Reprinted from The Jewish Religion: A Companion, published by Oxford University Press.
Zechariah Frankel was a rabbi, theologian, and historian of the ic period (1801-73). Frankel studied Talmud in his native Prague under Rabbi Bezalel Ronsberg and philosophy, natural science, and philology in Budapest. His combination of traditional and general learning equipped Frankel to become one of the leading lights of the Jüdische Wissenschaft movement in which the tools of modern historical criticism were used to explore the development of the classical sources of Judaism.
Frankel became principal of the Jewish Theological Seminary in Breslau in 1854. In 1871 he founded the learned journal Monatsschrift für Geschichte und Wissenschaft desJudenthum, the foremost organof modern Jewish scholarship. Frankel’s majorworks, in which he employed successfully thenew methodology, are: Darkhey Ha-Mishnah (The Way of the Mishnah) and Mevo HaYerushalmi (Introduction to the Jerusalem Tal mud).He also published important essays on the Septuagint and on the relationship betweenAlexandrian and Talmudic exegesis ofthe Bible. In all these works, Frankel demonstratedthat Judaism had developed in responseto the different conditions of Jewish life invarious civilizations.
The Breslau school, as Frankel and his associates came to be called, played an important role in its insistence that while freedom to investigate the origins of Jewish beliefs and institutions is granted and must be granted, this does not affect the need for strict observance of the precepts, since such observance belongs to the living religion, as accepted in a kind of mystical consensus by the Jewish people, and this is independent of origins. Frankel coined the expression "positive-historical" for his approach to Judaism; historical because it acknowledges that Judaism did not simply drop down from heaven ready-made, so to speak, but has had a history; positive, because, whatever the origins, this is what the religion has come to be under the guidance of God.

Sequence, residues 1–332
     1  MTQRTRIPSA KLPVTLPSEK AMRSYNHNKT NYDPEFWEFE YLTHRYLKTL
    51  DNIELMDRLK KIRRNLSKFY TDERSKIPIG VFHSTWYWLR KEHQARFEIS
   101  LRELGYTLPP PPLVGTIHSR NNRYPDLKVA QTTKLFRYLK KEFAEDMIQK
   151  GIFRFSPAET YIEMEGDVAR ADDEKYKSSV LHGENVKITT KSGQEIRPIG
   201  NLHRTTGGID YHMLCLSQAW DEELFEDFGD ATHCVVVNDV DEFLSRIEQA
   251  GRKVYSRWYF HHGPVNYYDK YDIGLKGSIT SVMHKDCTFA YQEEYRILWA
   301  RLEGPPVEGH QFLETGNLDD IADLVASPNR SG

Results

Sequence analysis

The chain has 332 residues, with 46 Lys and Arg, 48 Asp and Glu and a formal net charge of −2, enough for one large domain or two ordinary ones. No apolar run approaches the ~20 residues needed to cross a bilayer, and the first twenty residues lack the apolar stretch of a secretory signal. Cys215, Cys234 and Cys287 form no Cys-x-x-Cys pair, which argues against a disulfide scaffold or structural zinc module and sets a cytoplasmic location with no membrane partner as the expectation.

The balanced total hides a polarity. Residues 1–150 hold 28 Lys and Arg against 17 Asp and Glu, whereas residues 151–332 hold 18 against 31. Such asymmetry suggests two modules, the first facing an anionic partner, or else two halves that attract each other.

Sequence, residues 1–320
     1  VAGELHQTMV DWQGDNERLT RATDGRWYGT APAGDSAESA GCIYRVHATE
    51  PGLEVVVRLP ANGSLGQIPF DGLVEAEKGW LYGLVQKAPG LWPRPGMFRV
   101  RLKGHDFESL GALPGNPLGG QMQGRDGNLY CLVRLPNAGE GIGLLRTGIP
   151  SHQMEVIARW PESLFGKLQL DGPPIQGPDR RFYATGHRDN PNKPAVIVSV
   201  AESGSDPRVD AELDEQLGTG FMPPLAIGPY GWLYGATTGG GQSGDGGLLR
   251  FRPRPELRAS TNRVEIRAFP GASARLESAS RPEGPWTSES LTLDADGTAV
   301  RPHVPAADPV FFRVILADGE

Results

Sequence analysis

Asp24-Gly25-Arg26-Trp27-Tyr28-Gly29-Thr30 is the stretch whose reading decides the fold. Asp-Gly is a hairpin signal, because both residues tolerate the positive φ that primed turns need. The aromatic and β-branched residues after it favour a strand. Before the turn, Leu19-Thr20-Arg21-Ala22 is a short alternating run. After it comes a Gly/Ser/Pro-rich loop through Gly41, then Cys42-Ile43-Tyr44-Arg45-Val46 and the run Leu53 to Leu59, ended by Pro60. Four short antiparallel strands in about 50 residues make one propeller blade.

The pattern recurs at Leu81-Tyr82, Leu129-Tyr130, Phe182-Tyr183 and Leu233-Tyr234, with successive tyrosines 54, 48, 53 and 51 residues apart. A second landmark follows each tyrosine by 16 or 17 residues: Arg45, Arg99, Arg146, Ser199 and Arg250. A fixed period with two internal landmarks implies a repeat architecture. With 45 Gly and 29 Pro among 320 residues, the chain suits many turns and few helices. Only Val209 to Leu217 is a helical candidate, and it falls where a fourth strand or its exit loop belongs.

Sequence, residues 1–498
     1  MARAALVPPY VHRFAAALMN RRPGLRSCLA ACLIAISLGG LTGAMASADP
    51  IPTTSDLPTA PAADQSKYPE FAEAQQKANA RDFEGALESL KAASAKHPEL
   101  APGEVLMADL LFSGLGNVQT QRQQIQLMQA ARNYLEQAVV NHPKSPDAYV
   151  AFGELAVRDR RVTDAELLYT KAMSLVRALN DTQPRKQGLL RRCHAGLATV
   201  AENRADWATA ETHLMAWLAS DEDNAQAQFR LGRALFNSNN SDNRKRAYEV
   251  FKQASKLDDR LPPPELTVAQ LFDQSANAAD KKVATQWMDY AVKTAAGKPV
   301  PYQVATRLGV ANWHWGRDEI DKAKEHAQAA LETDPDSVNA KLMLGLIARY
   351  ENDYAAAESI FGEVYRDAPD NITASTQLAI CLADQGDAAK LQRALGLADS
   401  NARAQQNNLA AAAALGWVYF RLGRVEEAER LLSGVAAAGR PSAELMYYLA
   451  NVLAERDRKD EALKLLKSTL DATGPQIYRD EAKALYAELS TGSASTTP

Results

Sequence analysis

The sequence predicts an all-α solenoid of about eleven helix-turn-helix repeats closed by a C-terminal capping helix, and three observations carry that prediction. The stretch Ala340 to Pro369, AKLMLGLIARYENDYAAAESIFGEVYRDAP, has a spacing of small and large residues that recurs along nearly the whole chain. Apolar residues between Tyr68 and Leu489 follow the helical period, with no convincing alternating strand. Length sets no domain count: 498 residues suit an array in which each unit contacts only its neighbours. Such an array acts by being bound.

The Breslau school did not rule out the possibility of further development and change in Judaism but held that the development must be in accordance with Judaism’s own organic nature. Artificial changes, as introduced by Reform, were not in the true spirit of Judaism, especially when these involved the jettisoning of hallowed traditions. Prayers in languages other than Hebrew, for instance, while permitted according to the law, if introduced on a regular basis in the synagogue, as in Reform, involve a far too radical departure from the Judaism of the past.
Frankel was opposed to Reform radicalism, as he saw it, but was also opposed to the neo-Orthodoxy of Samson Raphael Hirsch because of its rejection of the historical-critical method. Revealing is the great debate between Frankel and Hirsch on the meaning of the rabbinic expression "A law from Moses at Sinai," for example when it is said that it is a law from Moses at Sinai that the have to be black. Hirsch took this literally, that Moses was given at Sinai all the instructions about the tefillin. Frankel held that the term denotes a very ancient rule, the origins of which are lost in time. But true to his philosophy, Frankel wore tefillin and his tefillin were black because, for him, that is how Jews should follow the tradition of how God is to be worshipped.
Frankel is thus rightly seen as the real founder of what later came to be called Conservative Judaism.
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Pronounced: TALL-mud, Origin: Hebrew, the set of teachings and commentaries on the Torah that form the basis for Jewish law. Comprised of the Mishnah and the Gemara, it contains the opinions of thousands of rabbis from different periods in Jewish history.
Pronounced: tuh-FILL-in (short i in both fill and in), Origin: Hebrew, phylacteries. These are the small boxes containing the words of the Shema that are traditionally wrapped around one’s head and arm during morning prayers.